Camco Mk.IIA V-Liner


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Already mentioned by hesham in another thread, I've found a
drawing of the Camco Mk.IIA V-Liner, I've once copied from
A.J. Jackson "British Civil Aircraft, 1919 - 1972, Vol.I". Interestingly,
this very weird design didn't remain just a project, but the prototype
was scrapped after it was damaged in the factory at 18th November
1968. So there could have been photos of the unfinished prototype,
I think. And, as it was designated Mk.IIA, there probably was a Mk.I? ???


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IIRC the V-Liner emerged from nowhere just before the September 1968 Farnborough show. It was being built by the Slingsby sailplane company at Kirbymoorside under contract to Camco, a US company. (Aerial advertising was not legal in the UK at that time.) A portion of the truss structure was shown at Farnborough, along with a model. I think first flight was planned for 1969, but the factory burned and the company went under.
It was offered in three versions;


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Eventually an American company invented "sky-typing" to replace the flying billboard concept. They hired a half-dozen T-6 Texans to fly in formation and linked their smoke-generators (electronically) to type messages in the sky. Smoke messages are easiest to read against a clear blue sky.
An alternative approach was Orlando Helicopter's [ Sikorsky ] S-55 Nite-Writer, which had immense 40 x 8 ft electronic advertising display-grid mounted on the starboard side which generated messages visible from a couple of miles distant.

It was mentioned in Jane's for several years in the 1980s and there are numerous incidental references to it online ( probably all deriving from the same source ) but I've never determined whether it was actually used. The test-bed was N4782S which is now preserved in the Udvar-Hazy Center.

The manufacturer of the display, Sky Sign, is still in business and offers an LED-based array of similar dimensions for small aircraft like the R44, now mounted ventrally.


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There was a full page article on the Camco V-Liner design in the November 1968 issue of Aircraft Illustrated.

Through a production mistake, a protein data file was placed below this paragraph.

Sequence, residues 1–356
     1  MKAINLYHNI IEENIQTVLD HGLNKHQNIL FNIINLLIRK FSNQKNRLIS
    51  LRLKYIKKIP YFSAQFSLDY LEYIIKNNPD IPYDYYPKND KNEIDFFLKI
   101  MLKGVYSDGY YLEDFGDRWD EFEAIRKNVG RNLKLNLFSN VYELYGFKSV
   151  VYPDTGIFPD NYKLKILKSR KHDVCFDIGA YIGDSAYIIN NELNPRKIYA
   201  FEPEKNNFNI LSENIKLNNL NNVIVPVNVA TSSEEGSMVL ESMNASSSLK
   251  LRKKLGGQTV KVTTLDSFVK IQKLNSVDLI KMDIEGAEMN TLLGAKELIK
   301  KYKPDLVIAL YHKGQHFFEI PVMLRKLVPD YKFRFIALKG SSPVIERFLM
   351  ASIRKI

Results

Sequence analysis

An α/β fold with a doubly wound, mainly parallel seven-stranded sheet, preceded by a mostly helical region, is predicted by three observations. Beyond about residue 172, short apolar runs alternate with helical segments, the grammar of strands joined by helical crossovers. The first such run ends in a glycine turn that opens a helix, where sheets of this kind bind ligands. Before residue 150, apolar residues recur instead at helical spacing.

No mention of the CV-1, just the CV-2 , CV-2 and CV-4 versions. Brief details of the differences are included in the specification image below.

The V-liner concept was originally conceived by Lewis McCarthy Junior of the Central Aircraft Manufacturing Company (Camco) as an amphibious vehicle for aerial advertising. Camco saw a potential market for 42 of these V-Liners. The first two examples were earmarked for First National City Bank and Canada Dry for advertising over New York.

Roles were also envisaged for survey work, traffic control, public appeals and TV licence dodging detection (a popular sport in the UK in the late 80's).

The triangular tubular fuselage could flash three word signs at the rate of 90 words a minute on both sides.

Shown at Farnborough 1968 in model form. The Slingsby (Kirbymoorside) constructed aircraft would have 40 miles of wiring, 3,348 light bulbs. The total length of the aluminium tubing was 2,193 feet !

Specs, drawing of the CV-2A and the type in model form below.

I bet take-off would be a great sight!


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A page on the V-Liner:

I can't say that it looks very practical. It might fly in a straight line but the dynamics in any kind of maneuvering flight would have been... entertaining. I hope that there was a button that either crew member could push that would change the advertising message to MAYDAY MAYDAY MAYDAY.

If you could make it work today it would be a hell of a VHF radar platform.

Very touching dedication to Kenneth Lovell-Smith (1928 - 2013) author of V-Liner idea, by one of his sons, Justin.


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